Alaska's standards that teachers use.   The other assessments are                                                               
used to  validate DEED's current  program and to compare  how the                                                               
students do in the other programs versus this program.                                                                          
CHAIR DYSON asked what "other programs" means.                                                                                  
MR. MORSE replied that there is  a "norm reference test" given to                                                               
two grade levels; students are looked  at with regard to how they                                                               
rank, which  this past year had  a very high -  over 90 percent -                                                               
correlation.   That's one tool.   A statewide assessment  is also                                                               
given;  it doesn't  provide results  by  individual student,  but                                                               
shows how  the state is  doing relative  to other states.   Those                                                               
are  then  looked at  to  see  how  students  are doing  on  them                                                               
compared  with how  they're doing  on this  assessment to  ensure                                                               
it's a valid tool and that students are performing similarly.                                                                   
3:03:28 PM                                                                                                                    
COMMISSIONER   SAMPSON  clarified   that   only  one   assessment                                                               
instrument, given  to all students  in grades three  through ten,                                                               
would be used for this incentive program.                                                                                       
CHAIR DYSON offered his understanding  that some other assessment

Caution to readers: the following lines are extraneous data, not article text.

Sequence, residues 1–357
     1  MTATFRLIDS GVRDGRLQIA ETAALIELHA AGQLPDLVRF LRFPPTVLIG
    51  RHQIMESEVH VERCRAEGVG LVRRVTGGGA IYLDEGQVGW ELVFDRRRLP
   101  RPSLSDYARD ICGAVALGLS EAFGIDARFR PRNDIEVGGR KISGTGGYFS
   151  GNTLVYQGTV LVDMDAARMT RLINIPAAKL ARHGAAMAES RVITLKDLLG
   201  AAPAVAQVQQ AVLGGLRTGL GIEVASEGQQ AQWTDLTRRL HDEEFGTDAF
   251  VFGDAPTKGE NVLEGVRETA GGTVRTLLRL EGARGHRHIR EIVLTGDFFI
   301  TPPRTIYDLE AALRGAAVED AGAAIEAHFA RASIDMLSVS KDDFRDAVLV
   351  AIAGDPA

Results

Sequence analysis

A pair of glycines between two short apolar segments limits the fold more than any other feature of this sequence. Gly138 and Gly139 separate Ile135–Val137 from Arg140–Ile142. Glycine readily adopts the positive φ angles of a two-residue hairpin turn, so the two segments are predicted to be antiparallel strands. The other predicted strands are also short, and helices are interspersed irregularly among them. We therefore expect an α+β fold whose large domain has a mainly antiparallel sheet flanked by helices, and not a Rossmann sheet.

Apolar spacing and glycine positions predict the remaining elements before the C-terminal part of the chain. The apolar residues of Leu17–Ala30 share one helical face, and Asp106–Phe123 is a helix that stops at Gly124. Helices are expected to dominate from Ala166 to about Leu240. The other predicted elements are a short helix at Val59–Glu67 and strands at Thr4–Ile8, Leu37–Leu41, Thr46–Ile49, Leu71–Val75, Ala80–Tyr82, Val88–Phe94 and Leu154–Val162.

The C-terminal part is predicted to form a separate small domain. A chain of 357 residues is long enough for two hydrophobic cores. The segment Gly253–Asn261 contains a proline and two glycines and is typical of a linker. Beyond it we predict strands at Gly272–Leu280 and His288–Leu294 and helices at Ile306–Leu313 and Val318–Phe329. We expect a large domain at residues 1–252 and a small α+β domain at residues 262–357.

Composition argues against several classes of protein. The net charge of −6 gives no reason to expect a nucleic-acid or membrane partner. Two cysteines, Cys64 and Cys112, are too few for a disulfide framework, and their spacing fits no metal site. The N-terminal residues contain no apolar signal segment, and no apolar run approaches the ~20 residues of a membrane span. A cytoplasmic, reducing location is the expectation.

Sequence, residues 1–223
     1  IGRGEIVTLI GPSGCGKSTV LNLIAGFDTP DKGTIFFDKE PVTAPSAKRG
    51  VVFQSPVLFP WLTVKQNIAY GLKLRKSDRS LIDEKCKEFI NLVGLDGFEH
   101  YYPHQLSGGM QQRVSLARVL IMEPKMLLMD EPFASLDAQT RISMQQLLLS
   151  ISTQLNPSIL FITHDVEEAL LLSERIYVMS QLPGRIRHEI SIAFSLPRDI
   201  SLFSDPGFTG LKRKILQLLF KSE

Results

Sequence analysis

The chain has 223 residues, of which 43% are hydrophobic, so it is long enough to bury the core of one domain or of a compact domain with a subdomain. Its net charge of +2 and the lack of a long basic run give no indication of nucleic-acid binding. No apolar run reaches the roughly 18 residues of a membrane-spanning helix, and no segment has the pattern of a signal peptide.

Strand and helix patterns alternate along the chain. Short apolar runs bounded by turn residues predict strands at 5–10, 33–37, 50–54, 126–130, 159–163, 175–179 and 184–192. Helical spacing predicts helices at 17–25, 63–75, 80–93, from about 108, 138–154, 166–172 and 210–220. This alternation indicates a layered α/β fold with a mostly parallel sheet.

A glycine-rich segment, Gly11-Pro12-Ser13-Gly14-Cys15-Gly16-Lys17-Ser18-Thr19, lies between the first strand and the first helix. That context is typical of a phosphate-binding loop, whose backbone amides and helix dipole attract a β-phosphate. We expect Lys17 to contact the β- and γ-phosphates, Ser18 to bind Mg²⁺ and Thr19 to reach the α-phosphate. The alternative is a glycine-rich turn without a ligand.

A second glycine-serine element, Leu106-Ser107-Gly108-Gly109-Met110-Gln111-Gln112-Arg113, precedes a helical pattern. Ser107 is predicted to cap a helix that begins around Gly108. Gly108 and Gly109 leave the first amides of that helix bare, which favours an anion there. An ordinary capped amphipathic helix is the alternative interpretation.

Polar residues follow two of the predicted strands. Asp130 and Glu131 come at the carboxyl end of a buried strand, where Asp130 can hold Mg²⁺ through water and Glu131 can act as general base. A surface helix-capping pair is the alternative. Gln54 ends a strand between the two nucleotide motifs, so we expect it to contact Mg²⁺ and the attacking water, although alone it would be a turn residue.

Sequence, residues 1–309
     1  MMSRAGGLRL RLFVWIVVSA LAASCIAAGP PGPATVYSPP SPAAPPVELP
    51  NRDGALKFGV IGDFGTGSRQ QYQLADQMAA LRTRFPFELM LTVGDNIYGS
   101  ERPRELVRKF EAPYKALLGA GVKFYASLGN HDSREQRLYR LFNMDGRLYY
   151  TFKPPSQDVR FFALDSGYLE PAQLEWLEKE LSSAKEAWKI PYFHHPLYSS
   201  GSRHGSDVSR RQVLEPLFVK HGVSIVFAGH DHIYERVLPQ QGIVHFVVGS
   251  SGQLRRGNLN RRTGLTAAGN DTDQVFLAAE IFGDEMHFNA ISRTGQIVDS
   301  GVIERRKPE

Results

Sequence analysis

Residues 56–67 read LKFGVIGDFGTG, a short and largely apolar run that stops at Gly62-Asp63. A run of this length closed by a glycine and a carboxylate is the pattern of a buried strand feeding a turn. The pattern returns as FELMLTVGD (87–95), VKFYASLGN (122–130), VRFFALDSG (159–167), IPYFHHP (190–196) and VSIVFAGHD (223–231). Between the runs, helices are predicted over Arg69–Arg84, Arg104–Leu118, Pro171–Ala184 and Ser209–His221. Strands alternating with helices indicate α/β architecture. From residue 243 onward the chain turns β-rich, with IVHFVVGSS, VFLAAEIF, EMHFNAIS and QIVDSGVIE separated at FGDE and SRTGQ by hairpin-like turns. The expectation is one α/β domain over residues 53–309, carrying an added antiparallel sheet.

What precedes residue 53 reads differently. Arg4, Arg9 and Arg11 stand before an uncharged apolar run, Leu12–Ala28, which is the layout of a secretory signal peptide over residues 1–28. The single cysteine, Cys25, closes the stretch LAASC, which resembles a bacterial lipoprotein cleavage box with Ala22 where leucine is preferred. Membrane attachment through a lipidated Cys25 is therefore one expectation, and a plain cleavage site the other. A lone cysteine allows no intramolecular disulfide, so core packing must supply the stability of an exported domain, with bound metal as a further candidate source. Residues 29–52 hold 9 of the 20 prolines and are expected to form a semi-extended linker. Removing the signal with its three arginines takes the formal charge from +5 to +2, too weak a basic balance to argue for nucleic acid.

instruments are given to some  students in order to validate what                                                               
is being done with all students.                                                                                                
COMMISSIONER SAMPSON affirmed that.                                                                                             
3:05:31 PM                                                                                                                    
COMMISSIONER  SAMPSON, in  response to  Senator Elton,  explained                                                               
that the [incentive program] only  looks at the previous year and                                                               
the  current year  to determine  growth.   In  response to  Chair                                                               
Dyson, he  clarified that there  would be no advantage  in having                                                               
all high-performing students in a school.                                                                                       
CHAIR DYSON remarked that he'd been  talking to parents in one of                                                               
the  only  elementary  schools  in  his  district  that  met  the                                                               
requirements of the federal NCLB  Act; apparently, a large number                                                               
of students have now transferred  into that school.  He suggested                                                               
in two or  three years those new, motivated  students could start                                                               
affecting the performance at the school.                                                                                        
COMMISSIONER  SAMPSON   mentioned  calculating   adequate  yearly                                                               
progress (AYP).   With this proposed incentive  program, he said,                                                               
he  didn't  believe  it  would   affect  any  school  if  higher-                                                               
performance or transfer  students came in.   This program intends                                                               
to  look at  each  student,  regardless of  low,  medium or  high                                                               
3:08:27 PM                                                                                                                    
CHAIR DYSON commented that there  is a wonderful principal at the                                                               
school  he'd   mentioned,  and  teachers  with   vision  for  the                                                               
students,  producing the  very kind  of  environment he  imagined                                                               
Commissioner Sampson to be seeking.   He said parents are "voting